One hospital I worked at we had a doc who would refuse to sign tephone orders occasionaly. After this happend to several nurses we all got together and agreed that none of us would accept phone orders from him again. That meansd he had to come in so many times that he ended up just sleeping in the hospital when he was on call. This made his life so miserable that he quit. Man was he mad! He used to threaten us with being fired (our NM laughed at him) and all sorts of other things.
    You need to remember this particular physician is a person with low integrity and NEVER take another phone order from her again.
    The bottom line is indeed that this physician lacks integrity.

    If the OP had the doctor's name down correctly and knew who she was speaking to, recorded the correct date and time of the phone call and transcribed the order in the correct chart, it's up to the physician to sign the order she gave. And then D/C it and write a more appropriate order.

    The last time a physician refused to co-sign a telephone order he gave me, my manager asked for his name badge. Flummoxed, he gave it to her. She copied it, blew it up to poster size and posted it in the nurse's report room with a sign that said "Do not take verbal orders or telephone orders from this person." Of course, that room was the same room where we took our breaks, held our potlucks and the physicians had family conferences. He was so embarrassed at having his picture posted thusly that he begged my manager to tell him what he could do to have that picture removed. I came back to work that night and saw "I am sorry I lied" written on the dry erase board about fifty times.
    nu rn, ChristineN, CountyRat, and 4 others like this.
  6. 0
    Quote from modernhippie_
    I'm a new grad working on my own for almost a month now, starting in ICU at a hospital where the acuity of the patients is rather low, so I consider it a SICU. I had a pt with a history of cvs with right sided weakness. She was obese and refused her scd stockings. I knew this woman was a huge risk for clots, so I educated her and charted the education and her refusal. To cover my butt, I called her attending md to let her know, and asked if sag wanted to try an alternative DVT prophylaxis. She stated ..this pt was on a Helprin protocol right? I said yes but it was stopped. She said ok give her 30mg lovenox sq daily. I wrote it down on the chart and got the med from pharmacy. Gave teaching to pt on lovenox and administered med. I documented a MD notified for the refusal and that new orders were received. I get a call a week and a half later from my unit manager saying that the dr refused to sign the order because the pt has HIT. They sent a HIT test out during the shift prior to minr, but I hadn't seen the results and not sure if they were even back yet. The unit manager asked if I was sure it was tht dr I spoke to. I said yes, and in the chance that it wasn't, it had to be someone who was covering for that dr since they were clearly aware of who the pt was, even stating to they knew she was previously on a Heprin protocol. The mgr told me I need to be sure, and asked if I'm trying to say the dr was lyng? I was shocked!! I told her to check the phone records and see if that particular MD called on the date and time tht I charted her telephone order. She said she can check to see who was on call tht day. I JUST got my license a few months ago, and I'm shaking at the thought of loosing it over a matter of her word against mine. When r they going to start recording every phone call so ths doesn't happen. I am so angry and I wanted to know what I could do to prevent this from happening again, if anything.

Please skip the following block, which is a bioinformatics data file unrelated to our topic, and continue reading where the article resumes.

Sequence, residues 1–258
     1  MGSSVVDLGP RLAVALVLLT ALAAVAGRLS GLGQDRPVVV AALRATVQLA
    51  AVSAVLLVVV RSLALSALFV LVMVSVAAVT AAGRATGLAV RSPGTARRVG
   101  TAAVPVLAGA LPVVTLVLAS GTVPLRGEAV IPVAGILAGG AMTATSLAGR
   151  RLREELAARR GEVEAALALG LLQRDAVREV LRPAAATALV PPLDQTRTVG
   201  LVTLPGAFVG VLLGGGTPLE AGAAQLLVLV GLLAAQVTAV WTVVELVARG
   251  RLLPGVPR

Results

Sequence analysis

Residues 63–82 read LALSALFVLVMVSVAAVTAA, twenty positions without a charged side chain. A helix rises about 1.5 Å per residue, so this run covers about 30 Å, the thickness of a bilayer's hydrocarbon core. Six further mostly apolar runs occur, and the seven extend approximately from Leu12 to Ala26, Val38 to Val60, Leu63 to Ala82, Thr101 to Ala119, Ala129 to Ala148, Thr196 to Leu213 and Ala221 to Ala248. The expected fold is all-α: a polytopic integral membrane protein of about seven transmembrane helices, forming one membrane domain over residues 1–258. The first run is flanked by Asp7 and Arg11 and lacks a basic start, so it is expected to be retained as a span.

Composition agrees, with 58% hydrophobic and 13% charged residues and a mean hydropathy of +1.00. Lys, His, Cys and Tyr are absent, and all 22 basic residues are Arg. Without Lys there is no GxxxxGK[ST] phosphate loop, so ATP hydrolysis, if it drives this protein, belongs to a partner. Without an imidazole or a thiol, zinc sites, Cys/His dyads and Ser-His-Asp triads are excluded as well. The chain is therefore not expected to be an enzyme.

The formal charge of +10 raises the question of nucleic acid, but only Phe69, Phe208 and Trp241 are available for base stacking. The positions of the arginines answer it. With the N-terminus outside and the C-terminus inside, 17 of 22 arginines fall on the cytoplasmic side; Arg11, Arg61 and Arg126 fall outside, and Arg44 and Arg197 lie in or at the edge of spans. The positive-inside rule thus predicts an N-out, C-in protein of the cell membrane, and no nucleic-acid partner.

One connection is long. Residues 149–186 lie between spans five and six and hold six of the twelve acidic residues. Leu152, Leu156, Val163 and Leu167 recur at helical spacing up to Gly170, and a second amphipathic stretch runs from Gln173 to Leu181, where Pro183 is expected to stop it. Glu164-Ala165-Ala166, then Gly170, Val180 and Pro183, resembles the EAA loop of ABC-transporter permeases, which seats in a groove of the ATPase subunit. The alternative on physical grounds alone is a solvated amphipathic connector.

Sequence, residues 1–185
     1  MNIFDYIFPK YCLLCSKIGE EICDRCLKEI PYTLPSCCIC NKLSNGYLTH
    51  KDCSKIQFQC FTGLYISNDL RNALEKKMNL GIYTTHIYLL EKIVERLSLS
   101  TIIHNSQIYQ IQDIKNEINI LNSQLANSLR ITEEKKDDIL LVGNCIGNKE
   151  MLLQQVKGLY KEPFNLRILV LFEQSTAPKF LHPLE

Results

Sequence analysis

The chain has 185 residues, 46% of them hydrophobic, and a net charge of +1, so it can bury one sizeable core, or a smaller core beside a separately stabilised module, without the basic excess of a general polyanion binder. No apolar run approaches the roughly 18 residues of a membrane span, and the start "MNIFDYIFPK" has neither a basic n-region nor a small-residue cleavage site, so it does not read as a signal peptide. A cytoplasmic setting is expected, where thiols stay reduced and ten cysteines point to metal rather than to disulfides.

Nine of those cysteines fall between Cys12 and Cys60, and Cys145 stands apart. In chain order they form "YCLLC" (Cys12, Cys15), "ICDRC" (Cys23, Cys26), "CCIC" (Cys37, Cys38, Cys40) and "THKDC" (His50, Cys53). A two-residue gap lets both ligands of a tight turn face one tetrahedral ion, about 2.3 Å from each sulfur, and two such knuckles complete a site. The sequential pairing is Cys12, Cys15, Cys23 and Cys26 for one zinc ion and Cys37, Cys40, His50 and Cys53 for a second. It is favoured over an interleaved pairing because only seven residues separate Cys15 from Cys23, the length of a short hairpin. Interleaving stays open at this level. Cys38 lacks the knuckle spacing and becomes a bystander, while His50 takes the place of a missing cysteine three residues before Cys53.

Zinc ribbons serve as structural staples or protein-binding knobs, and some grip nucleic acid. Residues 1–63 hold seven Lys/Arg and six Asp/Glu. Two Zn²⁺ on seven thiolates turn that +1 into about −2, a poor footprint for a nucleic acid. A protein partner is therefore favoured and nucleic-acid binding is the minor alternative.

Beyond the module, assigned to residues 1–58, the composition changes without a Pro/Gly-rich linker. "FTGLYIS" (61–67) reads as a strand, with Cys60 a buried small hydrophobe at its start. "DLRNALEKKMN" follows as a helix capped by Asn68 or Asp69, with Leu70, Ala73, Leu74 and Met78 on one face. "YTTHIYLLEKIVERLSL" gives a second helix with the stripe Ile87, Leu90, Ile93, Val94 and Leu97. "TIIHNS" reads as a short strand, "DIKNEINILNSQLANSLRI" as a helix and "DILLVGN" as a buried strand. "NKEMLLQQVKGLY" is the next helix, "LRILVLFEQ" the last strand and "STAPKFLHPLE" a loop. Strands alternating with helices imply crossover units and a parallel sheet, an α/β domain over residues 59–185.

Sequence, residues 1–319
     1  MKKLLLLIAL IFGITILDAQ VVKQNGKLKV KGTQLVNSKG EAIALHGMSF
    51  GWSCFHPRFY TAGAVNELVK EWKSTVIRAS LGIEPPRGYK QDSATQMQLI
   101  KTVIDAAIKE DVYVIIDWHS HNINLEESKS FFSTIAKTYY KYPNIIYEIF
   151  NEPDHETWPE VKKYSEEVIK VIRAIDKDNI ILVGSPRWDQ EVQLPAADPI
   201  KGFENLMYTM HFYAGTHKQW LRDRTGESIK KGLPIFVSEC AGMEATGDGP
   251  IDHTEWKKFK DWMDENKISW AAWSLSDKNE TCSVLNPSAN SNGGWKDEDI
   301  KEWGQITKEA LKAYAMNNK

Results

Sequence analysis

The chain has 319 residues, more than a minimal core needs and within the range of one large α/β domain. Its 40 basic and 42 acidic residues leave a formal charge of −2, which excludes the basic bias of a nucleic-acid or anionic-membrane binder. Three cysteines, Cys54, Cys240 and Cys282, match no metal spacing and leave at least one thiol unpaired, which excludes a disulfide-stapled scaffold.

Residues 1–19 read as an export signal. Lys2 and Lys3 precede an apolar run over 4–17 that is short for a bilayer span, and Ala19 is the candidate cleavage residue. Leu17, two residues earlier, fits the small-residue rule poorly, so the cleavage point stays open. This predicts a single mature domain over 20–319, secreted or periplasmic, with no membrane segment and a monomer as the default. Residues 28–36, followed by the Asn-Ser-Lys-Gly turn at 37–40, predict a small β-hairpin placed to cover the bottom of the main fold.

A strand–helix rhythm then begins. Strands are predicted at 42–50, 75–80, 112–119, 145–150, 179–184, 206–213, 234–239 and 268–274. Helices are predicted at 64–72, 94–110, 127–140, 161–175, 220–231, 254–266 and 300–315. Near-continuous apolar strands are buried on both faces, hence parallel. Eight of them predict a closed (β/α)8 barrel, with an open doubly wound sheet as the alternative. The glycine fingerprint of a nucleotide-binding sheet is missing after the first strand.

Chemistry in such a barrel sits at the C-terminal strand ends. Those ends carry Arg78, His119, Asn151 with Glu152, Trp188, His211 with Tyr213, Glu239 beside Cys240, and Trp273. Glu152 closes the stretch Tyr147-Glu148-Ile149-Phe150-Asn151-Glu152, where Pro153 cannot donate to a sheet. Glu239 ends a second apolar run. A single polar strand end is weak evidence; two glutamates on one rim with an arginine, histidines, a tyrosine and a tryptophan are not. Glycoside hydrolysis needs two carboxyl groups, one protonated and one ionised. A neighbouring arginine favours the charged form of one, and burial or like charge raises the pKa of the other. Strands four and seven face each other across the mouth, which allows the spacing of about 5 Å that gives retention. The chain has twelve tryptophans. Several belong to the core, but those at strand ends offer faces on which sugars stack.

Sorry to read your predicament. In the hospital where I work, the phrase :MD NOTIFIED or MD CALLED is never allowed. Every MD has a name. Next time you receive any order, ask and write the name of the MD first before you proceed.
  7. 0
    Sorry to read your predicament. In the hospital where I work, the phrase :MD NOTIFIED or MD CALLED is never allowed. Every MD has a name. Next time you receive any order, ask and write the name of the MD first before you proceed.
  8. 1
    The phrase "MD notified" is not acceptable in the hospital where I work. Every MD has a name. Next time ask the name of the MD or whoever is giving you orders, and write it in your documentation. This might help you and save you all the unexpected heartaches.
    psu_213 likes this.
  9. 0
    This is why I like to read these blogs, because I learn so much. Although, I am not working at this time, I will implement having a second nurse verify the order, as it makes sense to avoid any misunderstandings.
    My question is do nurse mind doing this with each other? I ask this, because I would like to implement also the walk around when receiving report from a peer as well as giving it, so we are both on par on how we are receiving/giving the patients, but a friend told me that doing this will probably not make me a favorite in the unit as come time to go home, everyone wants to go home, not more to do.
  10. 0
    Quote from Onyameate
    The phrase "MD notified" is not acceptable in the hospital where I work. Every MD has a name. Next time ask the name of the MD or whoever is giving you orders, and write it in your documentation. This might help you and save you all the unexpected heartaches.
    It is not acceptable anywhere, particularly if you are taking a verbal order. I basically trust all the ER attendings with whom I work; however, they get busy too. If I tell them about a critical lab result that does not get fixed, and the pt has a negative outcome as a result, just charting "MD aware" is not going to save me.